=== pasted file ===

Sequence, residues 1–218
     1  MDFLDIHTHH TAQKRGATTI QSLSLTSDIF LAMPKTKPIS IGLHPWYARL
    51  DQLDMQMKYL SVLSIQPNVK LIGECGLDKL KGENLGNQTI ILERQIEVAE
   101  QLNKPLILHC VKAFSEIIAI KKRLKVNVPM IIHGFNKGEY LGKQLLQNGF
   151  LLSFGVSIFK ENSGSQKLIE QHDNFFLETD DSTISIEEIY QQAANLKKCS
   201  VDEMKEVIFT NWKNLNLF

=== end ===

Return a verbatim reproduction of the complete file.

Sequence, residues 1–218
     1  MDFLDIHTHH TAQKRGATTI QSLSLTSDIF LAMPKTKPIS IGLHPWYARL
    51  DQLDMQMKYL SVLSIQPNVK LIGECGLDKL KGENLGNQTI ILERQIEVAE
   101  QLNKPLILHC VKAFSEIIAI KKRLKVNVPM IIHGFNKGEY LGKQLLQNGF
   151  LLSFGVSIFK ENSGSQKLIE QHDNFFLETD DSTISIEEIY QQAANLKKCS
   201  VDEMKEVIFT NWKNLNLF